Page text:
It takes alot of wars to kill 50 million people (the number of babies I’m told have died since Roe). Besides, most of millions of deaths from war in the last century were caused by communists, so I don’t want to hear any comments equating an unjust war with abortion. There is no comparison.

[38] Posted by Capn Jack Sparrow on 1-25-2012 at 08:49 PM · [top]

Ordinary,

The point of this discussion is about Christians who rationalize their support for abortion.

Racism is an attitude or a wrongly held belief. This is changeable. 

What this has racism got to do with the abortion issue, I don’t know.  Apples and oranges.

Give me a racist any day. A racist mindset may change. But when a baby is killed in the womb, it is terminal. The situation is ABSOLUTELY irreversible.

Fr. Kiingsley+

[39] Posted by Spiro on 1-25-2012 at 08:54 PM · [top]

Sorry, I meant to say:
....attempt to create a moral equivilence between “economic justice” and the abortion issue.

[40] Posted by Capn Jack Sparrow on 1-25-2012 at 08:54 PM · [top]

Hi Fr. Jonathan,

A state going to war, even if it is for a mistaken cause (of course I am speaking hypothetically because I think the war in Iraq was a completely justified use of military power) is not equivalent the state funding or permitting the mass murder of infants.

Even in the case of an unjust war, so long as the purpose is to kill enemy soldiers and not civilians, it is as you say, evil, and yet not as morally reprehensible as funding and protecting the killing of children.

[41] Posted by Matt Kennedy on 1-25-2012 at 09:00 PM · [top]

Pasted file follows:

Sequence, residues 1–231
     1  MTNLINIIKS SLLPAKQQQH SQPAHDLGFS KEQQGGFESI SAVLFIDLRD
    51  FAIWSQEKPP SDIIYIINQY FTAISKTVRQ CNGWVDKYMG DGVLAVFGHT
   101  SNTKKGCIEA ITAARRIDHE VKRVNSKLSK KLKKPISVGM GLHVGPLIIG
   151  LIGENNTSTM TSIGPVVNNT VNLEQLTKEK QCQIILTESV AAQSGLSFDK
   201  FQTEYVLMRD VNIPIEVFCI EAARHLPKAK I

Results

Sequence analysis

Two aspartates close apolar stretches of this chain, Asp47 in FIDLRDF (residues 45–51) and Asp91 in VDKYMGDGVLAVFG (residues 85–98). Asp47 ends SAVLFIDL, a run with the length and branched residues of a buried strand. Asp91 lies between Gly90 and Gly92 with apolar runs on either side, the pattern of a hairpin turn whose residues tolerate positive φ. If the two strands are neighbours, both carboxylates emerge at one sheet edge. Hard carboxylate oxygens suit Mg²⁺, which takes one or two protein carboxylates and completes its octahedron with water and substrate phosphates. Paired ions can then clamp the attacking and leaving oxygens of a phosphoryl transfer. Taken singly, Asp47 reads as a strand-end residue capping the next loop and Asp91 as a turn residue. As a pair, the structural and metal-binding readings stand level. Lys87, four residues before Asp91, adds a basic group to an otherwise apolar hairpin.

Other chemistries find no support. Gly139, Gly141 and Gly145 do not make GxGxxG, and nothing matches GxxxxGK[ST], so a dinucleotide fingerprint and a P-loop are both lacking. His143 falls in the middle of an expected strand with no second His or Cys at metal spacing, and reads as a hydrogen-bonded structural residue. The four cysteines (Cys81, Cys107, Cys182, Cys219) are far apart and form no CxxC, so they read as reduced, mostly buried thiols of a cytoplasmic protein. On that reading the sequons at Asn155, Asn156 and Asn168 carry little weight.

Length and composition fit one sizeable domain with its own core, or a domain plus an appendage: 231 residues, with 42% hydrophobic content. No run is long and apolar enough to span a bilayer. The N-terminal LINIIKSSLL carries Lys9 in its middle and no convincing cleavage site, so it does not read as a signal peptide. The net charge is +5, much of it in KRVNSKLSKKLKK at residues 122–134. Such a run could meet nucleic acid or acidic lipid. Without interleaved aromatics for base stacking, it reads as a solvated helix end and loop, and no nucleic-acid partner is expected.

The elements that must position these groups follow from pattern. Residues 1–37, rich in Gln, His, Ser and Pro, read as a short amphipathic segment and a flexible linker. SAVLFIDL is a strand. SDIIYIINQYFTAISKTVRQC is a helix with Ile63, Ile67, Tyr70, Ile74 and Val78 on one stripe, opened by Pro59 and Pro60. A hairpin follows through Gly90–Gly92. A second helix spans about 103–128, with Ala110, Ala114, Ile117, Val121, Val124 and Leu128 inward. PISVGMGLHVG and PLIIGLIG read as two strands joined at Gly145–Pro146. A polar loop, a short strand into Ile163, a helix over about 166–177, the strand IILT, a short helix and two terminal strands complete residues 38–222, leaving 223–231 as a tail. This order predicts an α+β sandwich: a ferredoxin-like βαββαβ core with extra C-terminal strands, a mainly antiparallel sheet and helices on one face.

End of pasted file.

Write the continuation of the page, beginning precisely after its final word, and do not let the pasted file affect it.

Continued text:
Way off Topic
Is anyone else having problems with StandFirm going away suddenly and having “read google-analytics.com” in the area indicating where the browser is trying to go to? It’s driving me nuts!

[42] Posted by Marie Blocher on 1-25-2012 at 09:31 PM · [top]

No matter HOW much people may attempt to justify it or support it, abortion for purposes other than saving the life of the mother is still immoral and a sin in the eyes of the Church, and any person who calls themselves a practicing Christian should feel ashamed of themselves if they support it.  Unwanted babies can be placed for adoption if the mothers can’t care for them or support them, and the prospective fathers who are responsible for these unwanted pregnancies should and must be held fully accountable by the courts until these children reach the age of majority.

[43] Posted by cennydd13 on 1-25-2012 at 09:36 PM · [top]

Matt,

So you don’t see any difference, morally speaking, between something immoral that a state permits and something immoral that a state imposes? Is there no difference between China and America? If there were two candidates running for president, one of whom supported legal abortion and the other who supported something akin to China’s one child policy, would there be no moral difference?

Note that I’m not saying that you’re wrong that Christians should not support politicians who advocate for abortion. But I think that a thoroughly consistent approach must also mean that Christians are forced to stand against politicians who support other moral evils as well, even if they give the right answer on the abortion question. You zeroed in on what I said about illegal war—and I did not mention the Iraq war by name, although I certainly think it would fit the bill—but what about torture and slavery? Is it ok for a Christian to support a politician who stands against abortion if he also supports torture and slavery?

[44] Posted by Fr. Jonathan on 1-25-2012 at 09:46 PM · [top]